Don't expect to pay more than 500 rupees (£2.60) for a slap-up street dinner of curry, dhal or string hoppers. Snacks, such as kottu are even cheaper. A sit down meal in a nicer restaurant will cost around 1000 rupees (£5.50).
There are plenty of local bottle shops and bars in Sri Lanka. A local beer will cost you around 300 rupees (£1.50). Imported brands, and spirits will set you back a bit more.
A taxi in the capital of Colombo will cost you around 50 rupees per kilometre - that's less than 30p! For a 10 km taxi or rickshaw ride, don't pay more than £5.
A three hour bus journey in Sri Lanka will cost you up tp 400 rupees (around £2). A train ticket from Colombo to Kandy is 100 rupees for 2nd or 3rd class, or 500 rupees (just £2.50) for 1st class air-conditioned.
Sri Lanka has some absolute bargains when it comes to hotels. You'll be able to find a spacious, clean en-suite room in a 3* hotel for an average of £20 per night. Larger beach resorts can cost upwards of £100.
A bed in a hostel or cheap, family run guesthouse will set you back £5-12 per night.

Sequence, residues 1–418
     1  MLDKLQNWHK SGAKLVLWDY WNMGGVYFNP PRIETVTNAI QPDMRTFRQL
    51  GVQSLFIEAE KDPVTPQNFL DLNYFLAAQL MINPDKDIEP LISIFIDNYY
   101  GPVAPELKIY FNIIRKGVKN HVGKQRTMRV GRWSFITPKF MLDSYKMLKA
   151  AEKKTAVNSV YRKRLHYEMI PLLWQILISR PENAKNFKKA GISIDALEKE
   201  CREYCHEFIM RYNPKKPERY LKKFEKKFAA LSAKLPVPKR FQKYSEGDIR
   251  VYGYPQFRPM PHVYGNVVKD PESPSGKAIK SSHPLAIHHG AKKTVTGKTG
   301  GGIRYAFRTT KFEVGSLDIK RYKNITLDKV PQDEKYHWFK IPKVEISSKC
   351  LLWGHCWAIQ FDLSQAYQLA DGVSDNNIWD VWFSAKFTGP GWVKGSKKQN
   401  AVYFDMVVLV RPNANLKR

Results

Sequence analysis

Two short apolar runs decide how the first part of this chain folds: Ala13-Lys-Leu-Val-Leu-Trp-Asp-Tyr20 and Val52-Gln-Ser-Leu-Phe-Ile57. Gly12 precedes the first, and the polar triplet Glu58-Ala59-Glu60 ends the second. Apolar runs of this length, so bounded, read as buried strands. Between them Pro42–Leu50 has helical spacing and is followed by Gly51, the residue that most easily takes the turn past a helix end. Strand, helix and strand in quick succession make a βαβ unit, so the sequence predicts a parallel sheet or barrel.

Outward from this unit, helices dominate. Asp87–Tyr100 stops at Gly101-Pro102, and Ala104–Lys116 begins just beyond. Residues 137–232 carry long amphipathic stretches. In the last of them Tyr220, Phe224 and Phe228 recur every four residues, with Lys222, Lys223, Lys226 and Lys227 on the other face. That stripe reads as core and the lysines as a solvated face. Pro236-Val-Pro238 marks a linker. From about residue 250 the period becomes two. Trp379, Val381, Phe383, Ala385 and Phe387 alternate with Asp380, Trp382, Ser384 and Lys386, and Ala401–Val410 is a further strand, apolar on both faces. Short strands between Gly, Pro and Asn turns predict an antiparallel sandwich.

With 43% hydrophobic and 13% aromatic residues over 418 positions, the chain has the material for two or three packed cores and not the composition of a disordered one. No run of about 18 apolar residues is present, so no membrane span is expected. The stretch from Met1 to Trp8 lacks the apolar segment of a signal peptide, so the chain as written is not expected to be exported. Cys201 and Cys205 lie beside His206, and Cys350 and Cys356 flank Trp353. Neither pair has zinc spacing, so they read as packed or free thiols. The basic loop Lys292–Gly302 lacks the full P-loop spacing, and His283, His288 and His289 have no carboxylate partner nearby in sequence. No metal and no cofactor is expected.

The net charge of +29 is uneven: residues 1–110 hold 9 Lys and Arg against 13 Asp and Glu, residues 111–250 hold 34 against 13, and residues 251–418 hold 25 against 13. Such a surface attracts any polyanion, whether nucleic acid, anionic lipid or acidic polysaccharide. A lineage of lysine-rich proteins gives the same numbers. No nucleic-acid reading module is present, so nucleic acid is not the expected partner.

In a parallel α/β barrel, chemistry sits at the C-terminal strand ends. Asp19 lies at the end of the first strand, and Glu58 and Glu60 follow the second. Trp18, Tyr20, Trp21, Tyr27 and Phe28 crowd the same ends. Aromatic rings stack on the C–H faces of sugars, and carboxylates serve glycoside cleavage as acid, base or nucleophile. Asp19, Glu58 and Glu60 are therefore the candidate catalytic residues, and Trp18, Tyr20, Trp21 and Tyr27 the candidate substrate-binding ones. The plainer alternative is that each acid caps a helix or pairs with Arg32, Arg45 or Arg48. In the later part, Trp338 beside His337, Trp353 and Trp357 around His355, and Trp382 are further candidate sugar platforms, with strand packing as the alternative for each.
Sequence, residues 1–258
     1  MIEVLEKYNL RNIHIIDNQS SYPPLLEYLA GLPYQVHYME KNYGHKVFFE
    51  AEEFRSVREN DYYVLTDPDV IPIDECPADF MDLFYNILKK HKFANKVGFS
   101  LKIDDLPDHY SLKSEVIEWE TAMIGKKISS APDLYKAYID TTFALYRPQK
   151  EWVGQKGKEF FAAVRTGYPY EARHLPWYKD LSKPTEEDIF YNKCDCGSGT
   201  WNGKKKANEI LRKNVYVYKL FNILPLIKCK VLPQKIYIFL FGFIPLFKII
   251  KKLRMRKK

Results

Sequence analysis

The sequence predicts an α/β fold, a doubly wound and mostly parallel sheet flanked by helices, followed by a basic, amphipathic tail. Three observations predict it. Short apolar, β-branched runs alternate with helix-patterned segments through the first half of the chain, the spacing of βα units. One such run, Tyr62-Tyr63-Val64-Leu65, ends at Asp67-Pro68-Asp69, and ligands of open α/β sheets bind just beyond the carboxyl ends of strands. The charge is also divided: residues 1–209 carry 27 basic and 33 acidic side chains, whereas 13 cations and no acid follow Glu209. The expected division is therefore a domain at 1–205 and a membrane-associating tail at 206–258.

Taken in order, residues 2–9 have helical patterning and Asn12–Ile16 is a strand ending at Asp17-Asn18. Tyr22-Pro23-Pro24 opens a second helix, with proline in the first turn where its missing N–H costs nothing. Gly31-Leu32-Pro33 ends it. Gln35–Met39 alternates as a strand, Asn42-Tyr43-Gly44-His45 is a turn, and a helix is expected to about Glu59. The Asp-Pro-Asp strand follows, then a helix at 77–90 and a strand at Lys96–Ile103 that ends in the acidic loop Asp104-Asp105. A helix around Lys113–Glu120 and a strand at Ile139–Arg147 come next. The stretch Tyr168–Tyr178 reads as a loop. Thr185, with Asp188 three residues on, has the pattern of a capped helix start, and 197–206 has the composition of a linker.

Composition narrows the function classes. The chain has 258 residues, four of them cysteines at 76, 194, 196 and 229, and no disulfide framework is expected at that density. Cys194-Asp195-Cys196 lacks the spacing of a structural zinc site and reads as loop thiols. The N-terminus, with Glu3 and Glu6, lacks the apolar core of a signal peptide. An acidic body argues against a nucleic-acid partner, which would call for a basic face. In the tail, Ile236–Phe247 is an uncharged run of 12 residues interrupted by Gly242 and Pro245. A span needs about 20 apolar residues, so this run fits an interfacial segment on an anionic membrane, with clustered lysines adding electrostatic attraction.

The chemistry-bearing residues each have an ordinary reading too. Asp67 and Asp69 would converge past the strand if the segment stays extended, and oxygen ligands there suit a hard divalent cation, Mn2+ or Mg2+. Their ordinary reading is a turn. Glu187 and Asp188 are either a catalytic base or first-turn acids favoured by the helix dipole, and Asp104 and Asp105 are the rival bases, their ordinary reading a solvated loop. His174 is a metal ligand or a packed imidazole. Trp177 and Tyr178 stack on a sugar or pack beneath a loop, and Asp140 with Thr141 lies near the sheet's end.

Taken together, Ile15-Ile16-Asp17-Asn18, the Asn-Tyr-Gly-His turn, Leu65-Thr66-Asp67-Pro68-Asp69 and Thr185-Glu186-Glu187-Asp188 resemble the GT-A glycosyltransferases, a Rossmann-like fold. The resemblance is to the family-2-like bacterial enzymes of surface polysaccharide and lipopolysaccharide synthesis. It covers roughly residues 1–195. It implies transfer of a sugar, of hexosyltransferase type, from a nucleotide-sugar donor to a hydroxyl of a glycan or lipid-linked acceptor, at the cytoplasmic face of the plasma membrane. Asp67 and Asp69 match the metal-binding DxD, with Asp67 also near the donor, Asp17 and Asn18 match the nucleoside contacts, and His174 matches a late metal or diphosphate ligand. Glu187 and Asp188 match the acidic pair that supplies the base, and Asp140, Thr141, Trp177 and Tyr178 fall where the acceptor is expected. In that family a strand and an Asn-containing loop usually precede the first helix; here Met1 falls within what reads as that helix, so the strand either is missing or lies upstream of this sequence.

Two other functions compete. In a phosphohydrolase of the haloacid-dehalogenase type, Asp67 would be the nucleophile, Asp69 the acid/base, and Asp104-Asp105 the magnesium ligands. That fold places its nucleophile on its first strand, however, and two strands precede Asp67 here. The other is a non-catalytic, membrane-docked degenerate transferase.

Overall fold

Most Sri Lankans speak Sinhalese, with another large proportion speaking Tamil. Many locals can effectively communicate in English, whist those working in tourism are often fluent.
Sri Lankan rupee (LKR).100 LKR is approximately 50p.
Sri Lanka is on the same time zone as India: GMT+05:30, meaning the island is five and a half hours ahead of the UK.
Compared to neighbouring India, Sri Lanka is a much more traveller-friendly size, meaning you can see and do it all in a relatively short space of time. Local transport comes in the form of rickshaws (much like tuktuks) for shorter journeys, and a dependable network of colourful busses for the longer ones. Not to be missed, is the jaw dropping train journey through the hills and tea plantations between Colombo, Kandy and Ella. Be sure to book yourself a window seat!
Short on time? Our Tailor Made Itineraties provide travellers with a driver.
Like in other countries in the region, the Monsoon makes an appearance in Sri Lanka every year. Despite the small size of the island, the weather patterns vary depending on your location. The south and west coast and hills (so we're talking Marissa, Arugam Bay, Udawalawe, Adam's Peak, Kandy and Ella) experience rains from May to August. The north and east however (Sigiriya, the Cultural Triangle and Trincomalee), are dry and hot during this time. There can be exceptions to these rules, and nowhere is off limits at any time of year.
Average temperatures in Sri Lanka are in the high twenties on the coast and high teens in the hills. It's worth nothing that Sri Lankan new year falls in April, and so accommodation and transport get very booked up this time.